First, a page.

Transport of flowers from the Netherlands to China could well go by train, says LEI researcher Xiaoyong Zhang. On October 28, she presented the results of her research to a trade delegation in China. Dutch king Willem-Alexander received a copy of the report written by Zhang in conjunction with the Rabobank.

Five times cheaper and environmental gains
In December 2014, Zhang attended the opening ceremony of the YuXinOu Railway between Rotterdam and Chongqing. There, she heard that goods can be transported between the Chinese industrial city and Rotterdam in only thirteen days. Of course that's a lot longer than by plane, but also five times cheaper, not to mention the environmental gains achieved thus. Compared to transport by ship, the train is thirty to forty days faster, and only 1.5 times as expensive, Zhang calculated. Sounds good, she thought. At the gathering, she asked what is transported the other way, from the Netherlands to China. The answer? Trains often turn back empty. This encouraged Zhang to investigate whether the Dutch agrifood sector could use the train connection.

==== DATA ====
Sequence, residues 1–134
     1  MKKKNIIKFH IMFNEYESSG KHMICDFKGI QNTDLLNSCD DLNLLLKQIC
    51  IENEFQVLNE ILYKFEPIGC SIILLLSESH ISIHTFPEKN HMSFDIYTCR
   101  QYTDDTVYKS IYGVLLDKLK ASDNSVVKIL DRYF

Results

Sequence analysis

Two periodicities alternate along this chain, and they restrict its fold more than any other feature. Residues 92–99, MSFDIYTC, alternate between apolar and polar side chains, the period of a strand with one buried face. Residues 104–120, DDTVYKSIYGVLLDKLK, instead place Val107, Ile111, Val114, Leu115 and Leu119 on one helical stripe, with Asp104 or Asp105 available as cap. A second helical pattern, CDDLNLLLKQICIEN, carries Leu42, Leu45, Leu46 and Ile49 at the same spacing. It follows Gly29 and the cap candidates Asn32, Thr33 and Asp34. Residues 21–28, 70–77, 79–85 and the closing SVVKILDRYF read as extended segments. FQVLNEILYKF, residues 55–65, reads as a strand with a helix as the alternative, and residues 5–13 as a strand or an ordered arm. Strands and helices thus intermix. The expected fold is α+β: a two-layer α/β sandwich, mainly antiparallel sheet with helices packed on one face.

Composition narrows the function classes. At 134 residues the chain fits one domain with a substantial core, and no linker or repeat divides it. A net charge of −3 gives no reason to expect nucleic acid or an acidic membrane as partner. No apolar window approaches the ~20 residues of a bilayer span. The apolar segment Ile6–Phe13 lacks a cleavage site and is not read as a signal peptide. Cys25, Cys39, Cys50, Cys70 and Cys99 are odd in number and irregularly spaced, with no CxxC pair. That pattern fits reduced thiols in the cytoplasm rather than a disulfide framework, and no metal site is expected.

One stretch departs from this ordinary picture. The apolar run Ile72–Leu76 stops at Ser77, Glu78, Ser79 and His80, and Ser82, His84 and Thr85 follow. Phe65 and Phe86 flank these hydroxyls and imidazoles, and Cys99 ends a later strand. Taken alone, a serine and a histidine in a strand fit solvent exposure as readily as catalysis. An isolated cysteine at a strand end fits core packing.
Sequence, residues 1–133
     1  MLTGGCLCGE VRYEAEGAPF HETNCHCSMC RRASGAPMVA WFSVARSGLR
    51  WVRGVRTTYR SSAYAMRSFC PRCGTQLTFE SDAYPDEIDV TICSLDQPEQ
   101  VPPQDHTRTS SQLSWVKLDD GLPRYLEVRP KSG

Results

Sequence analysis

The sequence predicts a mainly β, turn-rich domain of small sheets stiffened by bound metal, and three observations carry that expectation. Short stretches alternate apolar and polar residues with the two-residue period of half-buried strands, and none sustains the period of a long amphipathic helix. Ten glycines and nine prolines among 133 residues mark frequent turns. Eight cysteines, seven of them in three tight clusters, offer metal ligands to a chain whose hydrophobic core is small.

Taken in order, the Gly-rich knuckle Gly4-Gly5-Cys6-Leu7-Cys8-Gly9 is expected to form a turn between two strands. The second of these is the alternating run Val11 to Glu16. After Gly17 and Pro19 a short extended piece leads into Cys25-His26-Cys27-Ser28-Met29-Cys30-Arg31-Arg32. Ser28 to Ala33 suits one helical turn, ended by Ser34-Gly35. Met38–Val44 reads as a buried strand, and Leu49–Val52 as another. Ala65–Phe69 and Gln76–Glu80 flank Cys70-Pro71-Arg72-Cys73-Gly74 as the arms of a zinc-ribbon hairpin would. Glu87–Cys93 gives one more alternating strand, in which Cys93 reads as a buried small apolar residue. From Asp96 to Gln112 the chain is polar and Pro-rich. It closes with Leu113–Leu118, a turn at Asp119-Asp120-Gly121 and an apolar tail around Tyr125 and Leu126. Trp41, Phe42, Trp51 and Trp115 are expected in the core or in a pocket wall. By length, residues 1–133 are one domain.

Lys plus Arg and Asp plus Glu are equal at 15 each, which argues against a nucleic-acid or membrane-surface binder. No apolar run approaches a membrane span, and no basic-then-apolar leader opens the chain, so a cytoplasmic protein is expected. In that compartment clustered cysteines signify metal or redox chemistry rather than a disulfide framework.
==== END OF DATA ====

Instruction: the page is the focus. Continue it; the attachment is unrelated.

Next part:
Can fresh produce be transported by train?
To her it’s clear: "The Chinese can also import their fruit, vegetables, meat, flowers and milk powder from elsewhere. For them it is not interesting to find out whether the train can be used to transport perishables. The question is: can the Netherlands afford to lose this market? It is the world’s second largest net exporter of agricultural products, but the export to China is still very limited."

A cargo train that is mainly used to transport laptops and cars obviously needs some alterations to also carry fresh produce. "The train travels through an area where temperatures can rise to 45 degrees Celsius in summer and drop to -45 degrees in winter. Food products and flowers always have to be transported at the same temperatures and under stable air conditions. But that is just a matter of using reefer containers," Zhang explains.

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